• Take the measure of a man for what he is today.
  • Be pleasant even when out of sorts. Complaining is for quitters, and a cowboy hates quitters.
  • When approaching someone from behind, give a loud greeting (call to camp) before you get within shooting range.
  • After you pass someone on the trail, don’t look back…it implies you don’t trust him.
  • Be modest. A braggart who is “all gurgle and no guts” is intolerable.
  • Honest is absolute–your word is your bond, a handshake is more binding than a contract.

There are hundreds of “do’s and don’t” that the pioneers and cowboys honored because of the informal code they lived by. What are some of your favorites?

I’m giving away an autographed copy of any of the western historical romance anthologies that I wrote with fellow Filly Linda Broday, Jodi Thomas and the late DeWanna Pace.  I added a picture of our anthology “Give Me a Texas Ranger” that was included in the Texas Ranger Hall of Fame Writing the Ranger exhibit.

Updated: February 26, 2018 — 6:23 pm

A Match Made in Texas: Book Giveaway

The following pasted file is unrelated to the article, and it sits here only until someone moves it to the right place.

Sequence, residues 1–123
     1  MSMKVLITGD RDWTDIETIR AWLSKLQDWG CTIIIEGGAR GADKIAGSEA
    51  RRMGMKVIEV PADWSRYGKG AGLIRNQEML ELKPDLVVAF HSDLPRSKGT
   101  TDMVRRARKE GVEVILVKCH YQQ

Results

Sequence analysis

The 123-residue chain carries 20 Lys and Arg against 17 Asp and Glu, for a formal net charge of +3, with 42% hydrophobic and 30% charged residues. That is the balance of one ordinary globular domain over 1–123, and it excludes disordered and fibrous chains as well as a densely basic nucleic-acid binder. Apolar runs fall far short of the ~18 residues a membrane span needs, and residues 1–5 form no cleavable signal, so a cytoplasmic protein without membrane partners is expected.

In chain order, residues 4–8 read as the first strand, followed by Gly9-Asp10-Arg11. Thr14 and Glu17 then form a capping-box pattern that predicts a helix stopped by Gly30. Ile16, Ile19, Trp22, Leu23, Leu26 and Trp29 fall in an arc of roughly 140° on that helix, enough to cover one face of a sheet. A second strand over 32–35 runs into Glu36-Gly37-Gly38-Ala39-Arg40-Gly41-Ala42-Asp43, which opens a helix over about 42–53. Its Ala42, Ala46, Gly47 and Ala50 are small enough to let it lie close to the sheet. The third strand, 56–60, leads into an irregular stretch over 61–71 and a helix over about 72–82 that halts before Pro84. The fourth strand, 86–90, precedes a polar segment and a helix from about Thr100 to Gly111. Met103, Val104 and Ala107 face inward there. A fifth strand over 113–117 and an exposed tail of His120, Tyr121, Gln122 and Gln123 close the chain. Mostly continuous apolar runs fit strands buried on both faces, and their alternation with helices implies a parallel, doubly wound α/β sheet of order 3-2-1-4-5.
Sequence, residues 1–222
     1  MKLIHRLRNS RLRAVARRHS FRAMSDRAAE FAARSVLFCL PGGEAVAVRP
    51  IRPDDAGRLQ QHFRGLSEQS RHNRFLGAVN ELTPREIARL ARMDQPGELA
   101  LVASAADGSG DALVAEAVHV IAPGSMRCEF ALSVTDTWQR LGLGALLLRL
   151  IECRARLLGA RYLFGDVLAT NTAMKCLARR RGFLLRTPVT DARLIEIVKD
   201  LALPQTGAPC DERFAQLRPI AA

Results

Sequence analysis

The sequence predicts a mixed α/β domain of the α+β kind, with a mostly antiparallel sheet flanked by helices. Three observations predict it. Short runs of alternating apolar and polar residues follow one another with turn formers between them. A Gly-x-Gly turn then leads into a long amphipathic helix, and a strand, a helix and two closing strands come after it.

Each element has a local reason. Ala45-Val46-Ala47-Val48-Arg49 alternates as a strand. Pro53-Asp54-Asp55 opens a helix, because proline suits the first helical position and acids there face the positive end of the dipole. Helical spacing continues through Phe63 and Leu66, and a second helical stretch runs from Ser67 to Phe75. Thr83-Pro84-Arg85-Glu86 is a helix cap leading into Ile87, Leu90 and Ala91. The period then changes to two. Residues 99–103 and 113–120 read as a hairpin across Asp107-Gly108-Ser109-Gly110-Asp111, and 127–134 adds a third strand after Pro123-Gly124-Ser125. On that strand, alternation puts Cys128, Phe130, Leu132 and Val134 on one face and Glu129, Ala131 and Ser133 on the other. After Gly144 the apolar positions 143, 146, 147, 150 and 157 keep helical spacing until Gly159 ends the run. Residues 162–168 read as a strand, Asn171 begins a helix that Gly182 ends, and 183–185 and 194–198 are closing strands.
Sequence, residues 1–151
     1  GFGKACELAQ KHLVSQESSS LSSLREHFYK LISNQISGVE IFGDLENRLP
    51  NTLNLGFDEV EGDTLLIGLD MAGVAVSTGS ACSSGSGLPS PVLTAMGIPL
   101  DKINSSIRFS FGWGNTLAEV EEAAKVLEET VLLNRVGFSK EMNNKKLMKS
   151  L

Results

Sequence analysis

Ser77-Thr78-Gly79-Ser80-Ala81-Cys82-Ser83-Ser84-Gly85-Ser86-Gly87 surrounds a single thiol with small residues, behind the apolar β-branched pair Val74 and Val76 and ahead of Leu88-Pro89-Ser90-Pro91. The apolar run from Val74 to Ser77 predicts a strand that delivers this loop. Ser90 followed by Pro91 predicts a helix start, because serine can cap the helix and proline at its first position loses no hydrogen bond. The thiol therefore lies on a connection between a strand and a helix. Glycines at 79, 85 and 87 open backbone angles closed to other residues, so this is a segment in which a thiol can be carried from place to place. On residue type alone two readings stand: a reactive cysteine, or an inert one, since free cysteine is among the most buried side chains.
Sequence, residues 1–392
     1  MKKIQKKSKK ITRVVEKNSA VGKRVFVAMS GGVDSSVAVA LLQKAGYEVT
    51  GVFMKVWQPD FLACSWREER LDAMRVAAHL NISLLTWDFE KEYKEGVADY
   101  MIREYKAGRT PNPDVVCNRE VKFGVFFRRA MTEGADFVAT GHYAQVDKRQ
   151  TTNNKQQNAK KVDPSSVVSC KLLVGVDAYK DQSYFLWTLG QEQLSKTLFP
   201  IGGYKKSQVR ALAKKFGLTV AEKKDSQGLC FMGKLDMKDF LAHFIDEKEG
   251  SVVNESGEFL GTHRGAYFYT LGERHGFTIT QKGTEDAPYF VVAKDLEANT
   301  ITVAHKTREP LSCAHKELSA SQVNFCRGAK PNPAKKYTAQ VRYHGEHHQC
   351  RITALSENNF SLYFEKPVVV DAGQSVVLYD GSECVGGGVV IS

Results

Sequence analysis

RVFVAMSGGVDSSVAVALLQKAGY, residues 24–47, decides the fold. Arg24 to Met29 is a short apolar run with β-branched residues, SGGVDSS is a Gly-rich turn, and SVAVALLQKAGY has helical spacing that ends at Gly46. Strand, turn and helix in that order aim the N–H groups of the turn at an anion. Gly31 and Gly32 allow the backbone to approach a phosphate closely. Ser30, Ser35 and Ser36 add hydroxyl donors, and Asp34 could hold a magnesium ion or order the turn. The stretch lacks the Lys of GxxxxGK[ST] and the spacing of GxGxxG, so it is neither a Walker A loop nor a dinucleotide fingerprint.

“Are you’re askin’ if your virtue is safe with me?”
She blushed, but refused to back down. The man didn’t mince words and neither would she. “Well, is it?”
“Safe as you want it to be,” he said finally.
                                –From Margaret’s new book, A Match Made in Texas
My new book will be released June 6th and I wanted to share a little bit about it.  This is Amanda Lockwood’s story.  If you read Left at the Altar, you might remember that she is the sister who was always in trouble.  Well, she’s in really big trouble this time around. 

The book opens with Amanda stuck in the middle of nowhere after been thrown off a stagecoach for criticizing the driver.  This is where Rick Rennick finds hers and he offers to give her a ride.   After assurances that her virtue is safe with him, she accepts.  Here’s what happens next:

No sooner had she seated herself upon the wooden bench than Mr. Rennick took off hell-bent for leather. Glued to the back of the seat, she cried out. “Oh, dear. Oh, my. Ohhh!”

What had looked like a perfectly calm and passive black horse had suddenly turned into a demon. With pounding hooves and flowing mane, the steed flew over potholes and dirt mounds, giving no heed to the cargo behind. The wagon rolled and pitched like a ship in stormy seas. Dust whirled in the air and rocks hit the bottom and sides.

Holding on to her hat with one hand and the seat with the other, Amanda watched in wide-eye horror as the scenery flew by in a blur.

The wagon sailed over a hill as if it was airborne and she held on for dear life. The wheels hit the ground, jolting her hard and rattling her teeth. The hope chest bounced up and down like dice in a gambler’s hand. Her breath whooshed out and it was all she could do to find her voice.

“Mr. R-Rennick!” she stammered, grabbing hold of his arm. She had to shout to be heard.